U. S. President Barack Obama should be extremely grateful to his wife for captivating Europeans and the world media with her “shock and awe” sweater campaign. Amidst her triumphant tour, few noticed that Obama was proving to be a major embarrassment to his own country.
In a February address to a joint session of Congress, Obama confidently declared, “there is no force in the world more powerful than the example of America.” Last week, he essentially tossed that same “powerful example” under the bus as he became the first president to criticize America on foreign soil. He grovelled before world leaders in an “America’s example bad, everybody else good” apology tour to the Muslim world.
The word “grovel” is no exaggeration. At the G-20 Summit in London, the (formerly) most powerful man in the world bowed down to Saudi King Abdullah. According to protocol, American presidents don’t bow to other leaders, let alone a Muslim king from a country governed by sharia law, and notorious for its subjugation of women, repression of human rights and financing of terrorists.
He went on to submit to, I mean address, the Turkish parliament in Ankara where he used the middle name (Hussein) that he never uses in America, denied America was a Christian nation, condemned America for its “darker period” (slavery)—without mentioning it was abolished long ago or considering that slavery is a cultural norm in some Muslim countries.
He then gave them a crash course in history saying, the U. S. conveys “our deep appreciation for the Islamic faith, which has done so much over the centuries to shape the world—including my own country.” Apparently, history books have missed the fact Islam played a huge role in building America, fighting in its wars, overcoming slavery, fighting for women’s equality and the civil rights movement.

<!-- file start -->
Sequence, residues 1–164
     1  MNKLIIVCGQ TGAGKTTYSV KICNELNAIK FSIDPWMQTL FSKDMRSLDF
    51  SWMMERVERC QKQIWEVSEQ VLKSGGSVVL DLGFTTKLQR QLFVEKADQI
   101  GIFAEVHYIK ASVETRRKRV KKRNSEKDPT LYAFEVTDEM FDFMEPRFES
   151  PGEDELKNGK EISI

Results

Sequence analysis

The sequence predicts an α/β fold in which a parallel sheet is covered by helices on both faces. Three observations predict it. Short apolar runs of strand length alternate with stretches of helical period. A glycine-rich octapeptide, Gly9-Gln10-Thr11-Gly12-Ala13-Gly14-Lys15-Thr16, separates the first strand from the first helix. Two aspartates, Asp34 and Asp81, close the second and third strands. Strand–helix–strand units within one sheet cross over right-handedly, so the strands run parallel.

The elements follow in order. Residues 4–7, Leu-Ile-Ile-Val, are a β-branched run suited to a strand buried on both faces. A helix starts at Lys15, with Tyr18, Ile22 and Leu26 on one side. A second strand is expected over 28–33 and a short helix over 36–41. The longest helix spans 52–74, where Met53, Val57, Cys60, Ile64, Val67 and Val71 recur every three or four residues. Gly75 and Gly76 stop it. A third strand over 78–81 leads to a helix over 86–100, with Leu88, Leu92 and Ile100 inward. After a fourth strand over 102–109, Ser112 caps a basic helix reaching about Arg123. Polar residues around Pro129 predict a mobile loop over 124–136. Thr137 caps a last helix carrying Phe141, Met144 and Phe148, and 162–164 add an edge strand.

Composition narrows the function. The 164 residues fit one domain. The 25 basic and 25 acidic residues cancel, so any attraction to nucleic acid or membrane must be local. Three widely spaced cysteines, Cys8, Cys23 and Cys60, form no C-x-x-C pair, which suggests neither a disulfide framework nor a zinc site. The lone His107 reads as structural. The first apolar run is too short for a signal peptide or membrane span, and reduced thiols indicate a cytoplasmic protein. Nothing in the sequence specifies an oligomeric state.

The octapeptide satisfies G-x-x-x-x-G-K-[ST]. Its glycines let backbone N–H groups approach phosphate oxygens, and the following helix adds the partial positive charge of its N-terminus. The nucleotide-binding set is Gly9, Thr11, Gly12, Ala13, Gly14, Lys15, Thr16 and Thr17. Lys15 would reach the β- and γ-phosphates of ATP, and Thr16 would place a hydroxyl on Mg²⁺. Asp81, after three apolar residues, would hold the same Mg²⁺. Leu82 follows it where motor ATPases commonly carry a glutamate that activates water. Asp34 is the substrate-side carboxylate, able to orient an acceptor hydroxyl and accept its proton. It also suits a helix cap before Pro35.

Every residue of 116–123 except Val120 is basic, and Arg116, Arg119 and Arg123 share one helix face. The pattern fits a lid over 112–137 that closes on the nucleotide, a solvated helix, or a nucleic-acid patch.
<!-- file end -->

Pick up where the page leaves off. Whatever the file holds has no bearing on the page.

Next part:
He’s right in saying that Islam has shaped the U. S. (and its policies)—at least since Sept. 11, 2001. Or the 1993 bombing of the World Trade Center, the 2000 bombing of the USS Cole and the attacks on U. S. embassies in Kenya and Tanzania. And to Obama’s credit, Islam has shaped the world since dozens were slaughtered at a Bali bar, the London Tube and on a Madrid train.
In France, he declared the U. S. has to “change our behaviour in showing the Muslim world new respect.” He said America had been arrogant, dismissive and derisive. These comments line up with those from his first interview as president (granted to an Arab—not American—network) where he apologized for America’s mistakes and said he wanted to restore “the same respect and partnership that America had with the Muslim world . . . 20 or 30 years ago.”
But who owes who “respect,” based on the events of the past 20 or 30 years? The U.S. has done more to help Muslims than any other nation—including Muslim nations. They’ve engaged in five wars to liberate Muslims from oppressors and genocide (Bosnia, Kosovo, Kuwait, Afghanistan and Iraq.)
After making it clear his America would humble itself to the Muslim world, Obama went to Prague, where he responded to the North Korean missile test with calls for “violations (to be) punished” and a “strong international response.” Then he responded by cutting U. S. missile defence systems, including the Alaska-based interceptors able to shoot down North Korean missiles.
He further emasculated the U. S. by committing to nuclear disarmament and making a personal deal with Russian President Dmitry Medvedev to renew dis-armament talks. Obama’s first victory on the road to world peace? Hardly. Just 10 days later, Russia launched an intercontinental ballistic missile capable of carrying a 550 kilotonne nuclear warhead. Russia is pouring millions into renewing its missile arsenal by 2016, but the U. S. interceptor system that protects America from Russian missiles will be long gone by then.
We’re starting to see what America on the world stage will be like under Obama. It’ll be a bit like Alice in Wonderland coming out the other side—everything’s nonsensical, upside-down and bassackwards.